Traditional leader Ngomane urges black people to value their culture and language

Traditional entertainment at Nkomazi Municipality traditional day
Traditional entertainment at Nkomazi Municipality traditional day
Image: Supplied

Chairperson of the Mpumalanga house of traditional leaders, Sandile Hhoyi Ngomane, says blacks are only excited by leadership positions rather than by strengthening their cultures. 

Ngomane was speaking on Friday during the cultural day hosted by the Nkomazi municipality in Malalane where the cities of Matola in Mozambique, Mbombela in Mpumalanga, and Mbabane in the kingdom of eSwatini were in attendance as part of the Umsebe Accord between the four municipalities.

Ngomane said Afrikaners in South Africa have shown that they value their culture by opening their own university. 

“There will be a day where we look back and know that we have left our culture behind and rushed to other people’s cultures and we will become jealous about them. Now you see Afrikaners are showing us that we are not thinking and we are only excited by leadership positions [rather] than strengthening our cultures, and fight like children. Blacks, please leave the Afrikaners and fix and value your cultures.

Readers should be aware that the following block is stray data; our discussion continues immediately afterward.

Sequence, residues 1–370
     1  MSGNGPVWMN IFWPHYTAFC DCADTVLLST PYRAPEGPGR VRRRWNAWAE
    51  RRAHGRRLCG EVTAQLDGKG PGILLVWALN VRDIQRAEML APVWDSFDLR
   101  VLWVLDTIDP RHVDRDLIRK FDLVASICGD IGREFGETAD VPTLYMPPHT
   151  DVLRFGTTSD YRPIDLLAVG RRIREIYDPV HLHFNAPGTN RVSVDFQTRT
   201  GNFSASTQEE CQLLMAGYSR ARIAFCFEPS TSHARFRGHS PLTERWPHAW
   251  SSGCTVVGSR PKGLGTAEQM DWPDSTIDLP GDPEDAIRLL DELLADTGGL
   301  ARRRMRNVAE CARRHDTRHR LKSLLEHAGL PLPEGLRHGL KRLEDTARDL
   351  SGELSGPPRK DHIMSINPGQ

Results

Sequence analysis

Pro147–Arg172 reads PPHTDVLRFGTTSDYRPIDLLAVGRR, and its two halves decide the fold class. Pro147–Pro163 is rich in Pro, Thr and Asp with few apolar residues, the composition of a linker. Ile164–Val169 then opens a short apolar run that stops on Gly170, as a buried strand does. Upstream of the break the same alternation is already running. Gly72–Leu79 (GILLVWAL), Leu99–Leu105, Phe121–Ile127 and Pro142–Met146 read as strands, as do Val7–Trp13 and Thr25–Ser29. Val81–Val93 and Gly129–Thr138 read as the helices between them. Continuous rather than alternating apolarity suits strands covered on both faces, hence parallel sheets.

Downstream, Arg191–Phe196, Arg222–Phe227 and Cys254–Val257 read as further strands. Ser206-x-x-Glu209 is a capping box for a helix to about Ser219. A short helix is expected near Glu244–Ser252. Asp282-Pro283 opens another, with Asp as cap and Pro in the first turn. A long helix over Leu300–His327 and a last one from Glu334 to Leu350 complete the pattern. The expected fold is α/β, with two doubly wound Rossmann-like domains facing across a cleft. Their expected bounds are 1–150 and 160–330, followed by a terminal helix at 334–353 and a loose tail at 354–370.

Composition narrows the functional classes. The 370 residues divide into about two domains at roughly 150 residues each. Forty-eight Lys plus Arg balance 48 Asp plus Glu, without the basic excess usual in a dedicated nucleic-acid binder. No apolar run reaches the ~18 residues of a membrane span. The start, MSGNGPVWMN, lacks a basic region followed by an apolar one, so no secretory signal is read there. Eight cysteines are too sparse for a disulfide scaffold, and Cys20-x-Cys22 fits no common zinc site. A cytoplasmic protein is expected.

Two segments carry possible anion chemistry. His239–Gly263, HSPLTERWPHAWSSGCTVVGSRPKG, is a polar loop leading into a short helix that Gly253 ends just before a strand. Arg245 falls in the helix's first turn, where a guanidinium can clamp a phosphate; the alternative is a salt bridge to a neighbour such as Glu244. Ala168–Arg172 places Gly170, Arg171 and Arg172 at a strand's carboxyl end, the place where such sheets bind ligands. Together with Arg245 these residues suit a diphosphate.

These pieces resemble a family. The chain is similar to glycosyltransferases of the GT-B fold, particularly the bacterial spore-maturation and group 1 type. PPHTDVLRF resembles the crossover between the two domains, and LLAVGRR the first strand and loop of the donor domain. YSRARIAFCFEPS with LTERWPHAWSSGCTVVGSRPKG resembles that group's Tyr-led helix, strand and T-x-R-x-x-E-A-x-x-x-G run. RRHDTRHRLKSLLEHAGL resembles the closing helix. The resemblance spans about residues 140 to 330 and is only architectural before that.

"Leave Afrikaners to do what they value, they are not only keeping their culture but preserving their language. Blacks, it’s painful because we don’t value our cultures, including languages; they ignore it and laugh at us when we are busy with traditional bills.” 

Ngomane said another reason that blacks have lost their cultures is evident in the fact that the Constitutional Court has even intervened on how to raise children. 

“We see this country is facing upside down, we see children doing bizarre things. Women and children are being killed, with police having lost trust from the public. Those are signs that we have lost it,” said Ngomane. 

Speaking at the event, executive mayor of the Nkomazi municipality Johan Mkhatshwa called for both the kingdom if eSwatini and Mozambique to feel free in Mpumalanga as the province doesn’t practise xenophobia. 

“We are saying to our neighbours please feel free here in Mpumalanga, especially Nkomazi, as we value your presence as our brothers and sisters. We also want to feel the same when we visit your countries without being reminded that we are South Africans. To our people, please don’t kill our neighbours but report to the police on those who do crime,” said Mkhatshwa. 

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